Modern day hunter-gatherer Fergus Drennan is on a wild man’s mission: to survive for a whole year solely on foraged food
Foraging expert Fergus Drennan is set to explore the potentials and pitfalls of a 100% wild food diet from May 2013, by eating nothing but foraged foods for an entire year.
At a time of increasing concern over food security and reliance on a handful of staple food crops, wild foods offer a low impact sustainable harvest, according to Drennan, who has been researching foraging and wild food for 22 years.
“Foraging has become my vocation,” he said. “I want to offer as a gift my determination to fully explore the potential of wild food plants as a vital component of the modern diet.”
The Wild Food Challenge will see Drennan adopt a different theme every month for the year, which kicks off on 1 May 2013. For example, July will be raw and vegan; October will explore foraging exclusively within 25 miles and less from Drennan’s Canterbury home; and April’s challenge will be a total immersion in the Stone Age.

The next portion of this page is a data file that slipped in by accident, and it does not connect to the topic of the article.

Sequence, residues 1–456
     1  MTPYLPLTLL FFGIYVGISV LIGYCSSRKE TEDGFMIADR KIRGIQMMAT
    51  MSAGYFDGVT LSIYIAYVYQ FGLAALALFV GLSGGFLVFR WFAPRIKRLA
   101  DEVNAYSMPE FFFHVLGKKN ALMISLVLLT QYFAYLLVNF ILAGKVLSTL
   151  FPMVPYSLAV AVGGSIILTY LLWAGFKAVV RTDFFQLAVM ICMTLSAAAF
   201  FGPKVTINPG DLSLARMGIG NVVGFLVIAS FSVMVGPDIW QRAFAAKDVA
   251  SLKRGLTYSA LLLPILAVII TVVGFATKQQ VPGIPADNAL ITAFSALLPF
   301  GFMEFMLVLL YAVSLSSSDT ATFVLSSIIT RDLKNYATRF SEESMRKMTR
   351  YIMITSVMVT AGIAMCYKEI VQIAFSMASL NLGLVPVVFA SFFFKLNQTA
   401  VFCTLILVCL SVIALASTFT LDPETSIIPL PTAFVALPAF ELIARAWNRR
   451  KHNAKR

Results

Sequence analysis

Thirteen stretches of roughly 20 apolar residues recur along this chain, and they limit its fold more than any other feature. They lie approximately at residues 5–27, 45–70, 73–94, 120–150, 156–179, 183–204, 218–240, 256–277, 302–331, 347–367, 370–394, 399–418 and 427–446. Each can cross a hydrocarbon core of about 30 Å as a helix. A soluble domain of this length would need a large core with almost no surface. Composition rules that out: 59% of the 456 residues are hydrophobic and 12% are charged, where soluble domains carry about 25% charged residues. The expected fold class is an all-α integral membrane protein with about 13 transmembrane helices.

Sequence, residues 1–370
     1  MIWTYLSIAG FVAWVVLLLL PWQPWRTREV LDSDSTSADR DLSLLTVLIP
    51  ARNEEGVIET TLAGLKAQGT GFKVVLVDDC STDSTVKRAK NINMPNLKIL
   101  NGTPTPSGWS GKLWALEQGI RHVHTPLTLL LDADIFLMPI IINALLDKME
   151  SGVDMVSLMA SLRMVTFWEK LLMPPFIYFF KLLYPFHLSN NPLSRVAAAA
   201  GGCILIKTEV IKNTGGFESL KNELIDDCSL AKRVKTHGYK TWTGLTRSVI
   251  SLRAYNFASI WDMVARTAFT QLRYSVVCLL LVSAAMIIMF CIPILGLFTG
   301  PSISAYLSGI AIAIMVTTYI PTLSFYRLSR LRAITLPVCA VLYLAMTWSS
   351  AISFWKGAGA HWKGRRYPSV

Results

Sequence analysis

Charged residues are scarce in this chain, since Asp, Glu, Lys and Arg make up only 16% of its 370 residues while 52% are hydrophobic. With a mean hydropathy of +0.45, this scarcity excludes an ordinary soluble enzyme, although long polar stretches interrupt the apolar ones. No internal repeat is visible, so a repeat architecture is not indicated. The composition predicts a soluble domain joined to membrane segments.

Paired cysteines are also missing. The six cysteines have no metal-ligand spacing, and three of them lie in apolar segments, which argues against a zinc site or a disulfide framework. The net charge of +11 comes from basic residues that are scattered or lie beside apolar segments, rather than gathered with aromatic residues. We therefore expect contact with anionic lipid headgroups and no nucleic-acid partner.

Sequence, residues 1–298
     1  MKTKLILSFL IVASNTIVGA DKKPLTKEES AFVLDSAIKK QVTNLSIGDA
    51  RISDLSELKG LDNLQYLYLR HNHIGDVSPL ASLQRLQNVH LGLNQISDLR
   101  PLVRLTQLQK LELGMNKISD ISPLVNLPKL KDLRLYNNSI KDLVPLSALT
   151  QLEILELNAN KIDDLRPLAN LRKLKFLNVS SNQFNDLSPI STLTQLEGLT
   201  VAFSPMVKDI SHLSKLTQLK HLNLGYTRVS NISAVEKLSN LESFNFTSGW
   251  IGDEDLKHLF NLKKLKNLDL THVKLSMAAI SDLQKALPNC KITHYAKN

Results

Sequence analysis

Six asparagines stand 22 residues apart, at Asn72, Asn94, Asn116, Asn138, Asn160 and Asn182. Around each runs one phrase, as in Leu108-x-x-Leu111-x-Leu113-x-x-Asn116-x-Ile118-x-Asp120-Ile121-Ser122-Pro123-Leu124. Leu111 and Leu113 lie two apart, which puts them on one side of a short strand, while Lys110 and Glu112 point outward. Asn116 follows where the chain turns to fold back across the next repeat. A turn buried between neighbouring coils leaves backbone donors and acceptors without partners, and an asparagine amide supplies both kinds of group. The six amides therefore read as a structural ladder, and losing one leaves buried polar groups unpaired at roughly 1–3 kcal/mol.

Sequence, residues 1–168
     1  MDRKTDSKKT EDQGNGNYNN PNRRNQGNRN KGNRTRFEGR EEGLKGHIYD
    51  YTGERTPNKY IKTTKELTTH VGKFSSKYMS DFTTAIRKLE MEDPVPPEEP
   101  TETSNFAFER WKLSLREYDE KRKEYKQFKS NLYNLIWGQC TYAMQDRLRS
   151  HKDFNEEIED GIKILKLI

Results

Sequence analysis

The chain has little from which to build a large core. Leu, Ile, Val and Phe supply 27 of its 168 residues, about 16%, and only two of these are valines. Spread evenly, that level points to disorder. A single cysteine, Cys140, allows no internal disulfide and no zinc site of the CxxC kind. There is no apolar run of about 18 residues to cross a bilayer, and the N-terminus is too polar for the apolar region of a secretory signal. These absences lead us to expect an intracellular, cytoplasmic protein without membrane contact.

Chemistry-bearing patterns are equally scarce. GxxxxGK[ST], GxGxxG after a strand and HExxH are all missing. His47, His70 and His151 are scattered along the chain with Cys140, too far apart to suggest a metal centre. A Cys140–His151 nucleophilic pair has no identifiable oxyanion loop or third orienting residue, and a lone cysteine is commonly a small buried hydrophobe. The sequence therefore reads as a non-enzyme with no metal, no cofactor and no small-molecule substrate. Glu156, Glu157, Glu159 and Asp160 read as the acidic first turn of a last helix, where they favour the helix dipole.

For one week every month and several weekends throughout the year, he is also inviting other people to join him on the challenge and document their experiences.
“I want to fully explore the potential of wild food plants as a vital component of the modern diet”
“By imposing a 100% foraged diet on myself I am forced to fully explore every possible dimension to the sustainable use of wild foods, drawing on my years of experience working with wild plants,” said Drennan, who is using online crowdfunding to attempt to raise £12,000 to cover his living, travel and research costs while he dedicates his time to the Wild Food Challenge.
“I’m prepared to dedicate all my energy to document the full potential that can be unlocked and discovered from the diet, lived intensely through every season in a range of different habitats.”
While he says he’s not advocating that everyone eats a 100% wild food diet all the time, Drennan believes that with just a little investigation, anybody can get to know and use some of the more common so-called weeds in a nearby garden or alleyway.
“Such common plants as dandelion, fat hen and nettles abound, are delicious and often more tasty and nutritious than industrially grown and internationally freighted crops,” he said.
“You are what you eat, and you eat what you are. I want to eat love and consideration, not violence and desecration; I want to eat deep connection and vitality, not separation and stagnation. I think we can all achieve this.”